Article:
AirAsia’s CEO, Tassapon Bijleveld, has steered the airline from its first flight in 2002 to over 100 million passengers and counting.

Low cost carriers are a relatively new idea to Asia, with the early pioneers first taking off in the early 2000’s. Since then, there’s been a slew of budget airlines that have come – and gone – in the battle for intra-regional supremacy. The one I use the most frequently in the Asia Pacific is AirAsia for their extensive coverage of the region, which also extends to Europe, Australia, and other corners of the world, with no signs of stopping.

Transportation and accommodation are by far the bulk of all travel expenses, and I usually choose budget airlines to minimize the former so I can splash out on the latter. Unlike trains, flights definitely do not comply to the adage: ‘the joy is in the journey’. Sure, for last minute bookings, travellers are more often than not better off flying full frills, but with enough advanced planning, locking in travel dates across multiple cities, my wallet willingly lets me shell out to enjoy the destinations ‘sans reserve’ when I finally arrive.

The Man

Through an old family friend, I was able to meet Tassapon Bijleveld, the CEO of Thai AirAsia and had the opportunity to speak with him and see if there were new destinations in the pipeline I could take note for my next holiday. Joe (his nickname) did not look any bit like a CEO of a company that’s flown more than 100 million passengers since their first flight took to the skies in 2002. At the risk of sounding ageist, he was younger than I expected, a slim man that looked to be in his 40s, dressed in a polo shirt, and a ready grin not unlike that of an excited child in a candy shop.  His accent was hard to place, not exclusively attributed to either his Thai nor his Dutch heritage, and he spoke fast, peppering his points with anecdotes and asking rhetorical questions.

Joe joined the company from the get-go, leaving his previous post as managing director at Warner Music Thailand, a stint he held for 5 years.  When asked about the challenges he faces as the industry changes, he laughed and said that if one can manage an artist, it’s not difficult to manage anyone else. Judging by the difficult attitudes of quasi-celebrities that descend on the high-end club venues in Bangkok, I can only imagine the stories he must have. Diva’s apart, in 2010, the company carried 5.8 million passengers, which represented a 78% load factor.

The opportunity

He spoke of the opportunities in the Asia Pacific region, the only part of the world that boasted a double digit increase of 19% in 2010. If the region is just narrowed down to Southeast Asia, there are 680 million people that live there. If a fraction, say a tenth of that number wishes to fly, that adds up to numerous planes across several airlines required to serve the demand of 68 million airborne travelers. And because the Asia region is an attractive destination as a whole, offering a wide array of cultural and natural attractions, most tourists, myself included, tend to visit more that just one city in order to make the most of hard-to-come-by holiday time.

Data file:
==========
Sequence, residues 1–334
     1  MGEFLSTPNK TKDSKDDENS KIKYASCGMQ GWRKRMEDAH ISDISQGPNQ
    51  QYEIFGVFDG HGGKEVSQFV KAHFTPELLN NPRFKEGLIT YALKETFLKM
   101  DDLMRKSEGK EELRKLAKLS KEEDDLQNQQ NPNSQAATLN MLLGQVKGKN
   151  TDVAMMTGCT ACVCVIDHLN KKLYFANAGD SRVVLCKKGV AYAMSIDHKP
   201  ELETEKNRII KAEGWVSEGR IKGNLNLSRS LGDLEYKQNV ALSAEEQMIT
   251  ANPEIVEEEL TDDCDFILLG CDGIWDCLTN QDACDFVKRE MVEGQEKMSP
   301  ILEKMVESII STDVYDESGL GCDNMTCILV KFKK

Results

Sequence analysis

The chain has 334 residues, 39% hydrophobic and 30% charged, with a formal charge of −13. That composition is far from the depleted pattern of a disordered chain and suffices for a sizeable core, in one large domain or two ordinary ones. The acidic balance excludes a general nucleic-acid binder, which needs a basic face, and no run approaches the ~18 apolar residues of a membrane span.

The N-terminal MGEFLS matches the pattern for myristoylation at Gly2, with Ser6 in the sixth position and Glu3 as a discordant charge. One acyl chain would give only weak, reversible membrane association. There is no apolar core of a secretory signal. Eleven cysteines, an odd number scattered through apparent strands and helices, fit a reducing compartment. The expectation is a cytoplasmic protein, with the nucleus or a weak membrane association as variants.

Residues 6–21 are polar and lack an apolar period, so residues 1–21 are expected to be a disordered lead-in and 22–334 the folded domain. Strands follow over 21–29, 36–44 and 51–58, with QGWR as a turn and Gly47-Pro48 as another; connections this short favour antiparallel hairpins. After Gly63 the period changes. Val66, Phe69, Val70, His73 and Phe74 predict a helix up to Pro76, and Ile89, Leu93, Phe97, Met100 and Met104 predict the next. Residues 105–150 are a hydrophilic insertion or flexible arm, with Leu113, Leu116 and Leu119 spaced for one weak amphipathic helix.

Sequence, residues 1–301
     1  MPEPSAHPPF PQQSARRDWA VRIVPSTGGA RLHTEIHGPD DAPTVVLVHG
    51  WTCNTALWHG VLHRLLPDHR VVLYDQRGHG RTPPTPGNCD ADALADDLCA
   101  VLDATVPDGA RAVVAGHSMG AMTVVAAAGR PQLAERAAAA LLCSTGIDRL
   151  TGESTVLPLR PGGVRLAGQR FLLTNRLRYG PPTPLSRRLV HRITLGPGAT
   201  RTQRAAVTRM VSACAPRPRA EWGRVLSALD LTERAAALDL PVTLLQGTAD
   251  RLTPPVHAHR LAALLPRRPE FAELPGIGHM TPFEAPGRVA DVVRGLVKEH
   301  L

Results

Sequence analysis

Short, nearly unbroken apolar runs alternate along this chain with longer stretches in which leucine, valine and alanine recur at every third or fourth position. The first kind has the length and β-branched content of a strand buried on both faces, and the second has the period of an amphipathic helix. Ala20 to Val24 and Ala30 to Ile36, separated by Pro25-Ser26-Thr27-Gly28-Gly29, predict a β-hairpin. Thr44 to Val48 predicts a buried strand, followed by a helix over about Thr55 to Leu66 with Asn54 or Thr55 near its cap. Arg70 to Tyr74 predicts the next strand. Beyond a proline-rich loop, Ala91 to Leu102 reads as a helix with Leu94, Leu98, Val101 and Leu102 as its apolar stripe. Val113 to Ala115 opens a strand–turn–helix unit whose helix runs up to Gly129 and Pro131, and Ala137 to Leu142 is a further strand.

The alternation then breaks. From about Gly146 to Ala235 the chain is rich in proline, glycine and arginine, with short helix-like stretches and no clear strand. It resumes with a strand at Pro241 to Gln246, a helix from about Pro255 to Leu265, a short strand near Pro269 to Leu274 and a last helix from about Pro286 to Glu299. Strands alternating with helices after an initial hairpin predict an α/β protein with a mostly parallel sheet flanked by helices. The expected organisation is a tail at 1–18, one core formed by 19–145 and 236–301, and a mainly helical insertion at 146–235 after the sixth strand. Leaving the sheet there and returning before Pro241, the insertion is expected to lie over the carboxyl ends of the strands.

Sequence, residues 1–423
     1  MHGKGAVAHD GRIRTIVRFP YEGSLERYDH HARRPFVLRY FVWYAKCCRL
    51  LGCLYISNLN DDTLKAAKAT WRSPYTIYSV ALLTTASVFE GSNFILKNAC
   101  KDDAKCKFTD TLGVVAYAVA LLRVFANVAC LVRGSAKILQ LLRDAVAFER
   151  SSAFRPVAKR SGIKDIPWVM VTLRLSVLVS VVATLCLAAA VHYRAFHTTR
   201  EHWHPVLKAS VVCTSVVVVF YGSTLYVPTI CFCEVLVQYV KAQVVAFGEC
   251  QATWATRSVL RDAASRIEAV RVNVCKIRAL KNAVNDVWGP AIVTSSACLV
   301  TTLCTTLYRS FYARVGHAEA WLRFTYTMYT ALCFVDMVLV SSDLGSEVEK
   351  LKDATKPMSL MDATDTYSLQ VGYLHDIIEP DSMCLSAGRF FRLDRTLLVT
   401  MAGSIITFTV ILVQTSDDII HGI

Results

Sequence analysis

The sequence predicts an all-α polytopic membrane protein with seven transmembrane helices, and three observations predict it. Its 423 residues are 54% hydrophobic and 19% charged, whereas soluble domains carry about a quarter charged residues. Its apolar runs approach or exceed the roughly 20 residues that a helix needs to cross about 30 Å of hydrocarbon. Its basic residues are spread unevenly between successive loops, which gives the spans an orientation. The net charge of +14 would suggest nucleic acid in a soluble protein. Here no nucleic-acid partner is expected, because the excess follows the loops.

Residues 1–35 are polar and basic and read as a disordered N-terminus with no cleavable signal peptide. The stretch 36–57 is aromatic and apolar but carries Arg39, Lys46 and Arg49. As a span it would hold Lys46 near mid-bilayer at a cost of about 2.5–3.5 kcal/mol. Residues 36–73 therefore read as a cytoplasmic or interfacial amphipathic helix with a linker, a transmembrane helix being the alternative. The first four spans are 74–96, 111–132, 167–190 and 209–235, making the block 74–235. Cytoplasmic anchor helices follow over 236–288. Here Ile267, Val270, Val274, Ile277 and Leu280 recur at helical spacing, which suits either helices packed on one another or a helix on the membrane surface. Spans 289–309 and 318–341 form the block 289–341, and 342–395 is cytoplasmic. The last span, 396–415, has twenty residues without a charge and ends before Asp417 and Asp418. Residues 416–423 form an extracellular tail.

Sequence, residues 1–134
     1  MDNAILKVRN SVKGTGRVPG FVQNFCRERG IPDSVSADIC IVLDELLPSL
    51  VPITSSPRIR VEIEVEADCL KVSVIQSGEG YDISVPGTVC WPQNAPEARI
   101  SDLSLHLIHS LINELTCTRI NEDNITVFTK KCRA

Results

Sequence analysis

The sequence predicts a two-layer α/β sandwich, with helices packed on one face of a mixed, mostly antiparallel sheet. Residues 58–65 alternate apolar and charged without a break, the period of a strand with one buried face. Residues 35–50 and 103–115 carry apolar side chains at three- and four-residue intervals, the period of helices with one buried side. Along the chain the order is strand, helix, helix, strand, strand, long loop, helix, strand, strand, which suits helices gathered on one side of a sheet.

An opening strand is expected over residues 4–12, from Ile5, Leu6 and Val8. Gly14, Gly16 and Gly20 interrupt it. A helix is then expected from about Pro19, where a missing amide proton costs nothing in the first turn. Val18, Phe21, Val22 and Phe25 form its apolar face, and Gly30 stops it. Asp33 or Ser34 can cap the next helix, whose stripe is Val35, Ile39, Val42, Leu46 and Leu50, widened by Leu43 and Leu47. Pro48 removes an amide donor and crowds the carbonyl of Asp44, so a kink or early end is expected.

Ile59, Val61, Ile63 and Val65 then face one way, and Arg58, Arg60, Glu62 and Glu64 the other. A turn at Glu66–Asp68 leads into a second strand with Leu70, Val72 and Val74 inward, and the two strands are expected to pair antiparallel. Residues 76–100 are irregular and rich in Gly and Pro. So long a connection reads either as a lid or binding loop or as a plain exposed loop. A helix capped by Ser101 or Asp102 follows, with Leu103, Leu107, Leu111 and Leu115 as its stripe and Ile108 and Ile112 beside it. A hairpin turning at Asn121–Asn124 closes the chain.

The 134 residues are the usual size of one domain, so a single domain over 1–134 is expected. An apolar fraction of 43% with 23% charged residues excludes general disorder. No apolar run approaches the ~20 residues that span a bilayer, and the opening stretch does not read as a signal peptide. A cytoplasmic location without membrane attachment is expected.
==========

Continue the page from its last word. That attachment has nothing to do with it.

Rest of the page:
From Bangkok alone, AirAsia flies to 11 destinations in Thailand, something I took advantage of during my last visit, visiting the gentle capital of the north, Chiang Mai, as well as the gorgeous island destination of Phuket. On the same trip, I also spent some time in Bali, Penang, and Phnom Penh, and as previously mentioned, was happy to shell out for nice digs from the savings I made on budget tickets. Granted, staying right on the beach or having a masseuse work on my knots as I lay on the seaside pavilion isn’t going to make or break a trip, but I for one would be willing to sacrifice peanuts and fixed seating onboard a flight to attain such indulgences.

The expansion

Joe revealed plans to expand AirAsia’s destinations into China and India, both countries with massive tourist appeal, and he went on to explain that one of the main advantages of having a ‘small’ airline is that they can move fast on decisions. He gave the example of Phuket and Chiang Mai – a direct route between the two distinctly appealing destinations has never been established, but recognizing the opportunity, AirAsia launched what they called an untested ‘unique route’. The route, which saves on layover time in the capital, is now offered daily, a frequency they’re looking to increase with a 90% load factor as proof of popularity. It hasn’t all been smooth sailing, Joe revealed, citing the example of the closure of the Phuket to Ho Chi Minh route, which was shut down just 6 months after launching. He shrugged it off with a “Don’t be sentimental if something doesn’t work. It is not every time that we get to hit the jackpot.”

Joe is confident that his company will meet if not exceed their 2011 targets of 7 million passengers, numbers realized under the AirAsia’s mantra of ‘Now Everyone Can Fly’.


There’s no need to settle for standard accommodation just because air tickets are burning a hole in your pocket a size larger than you’d like.  Below are low-cost carriers that offer a wide blanket of routes around the Asia Pacific region so you can stay in a private luxury villa –  as surely you deserve:

Villas in Asia Pacific

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Tina Hsiao
As the contributing editor, Tina is an experienced public relations professional and freelance feature writer. Based in Thailand, she regularly writes for magazines and websites on everything from travel destinations to hotels, restaurants and interior design. Her inquisitive nature and sharp, distinctive style always guarantee an enlightening, educational and entertaining read.